Australian voters could soon use pens to vote at federal elections, as part of a plan to replace traditional ballot box pencils. Since 1902, electoral laws have required ballot boxes to be “furnished with a pencil for the use of voters”, but in a submission to a parliamentary inquiry the Australian Electoral Commission has asked to be given the option of voters using pens. The plans comes amid moves to replace pencils for voting in state and overseas elections, although Australians have always had the right to bring their own pen on election day. Electoral Commissioner Tom Rogers has asked the inquiry, which is reviewing the July 2 federal election, to recommend the change to section 206 of the Commonwealth Electoral Act as technology for counting votes continues to improve.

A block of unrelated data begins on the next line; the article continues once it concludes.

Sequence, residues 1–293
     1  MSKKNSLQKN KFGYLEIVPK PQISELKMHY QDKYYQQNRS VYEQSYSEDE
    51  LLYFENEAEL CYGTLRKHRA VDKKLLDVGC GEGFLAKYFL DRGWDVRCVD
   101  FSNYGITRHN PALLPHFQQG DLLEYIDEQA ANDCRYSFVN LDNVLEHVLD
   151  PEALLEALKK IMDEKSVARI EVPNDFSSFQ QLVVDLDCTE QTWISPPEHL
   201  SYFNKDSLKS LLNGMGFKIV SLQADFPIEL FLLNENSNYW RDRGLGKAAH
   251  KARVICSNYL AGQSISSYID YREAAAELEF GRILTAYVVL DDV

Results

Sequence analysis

“Pens may assist with processes to electronically capture marks from ballot papers, as per the new Senate [ballot] scanning process,” the submission said.
“The AEC should have the flexibility to provide pens or pencils as the means to vote.”
Pencils have long been considered cheaper and easier for election authorities around the world, with longer shelf life in warmer climates where pens can dry out between elections.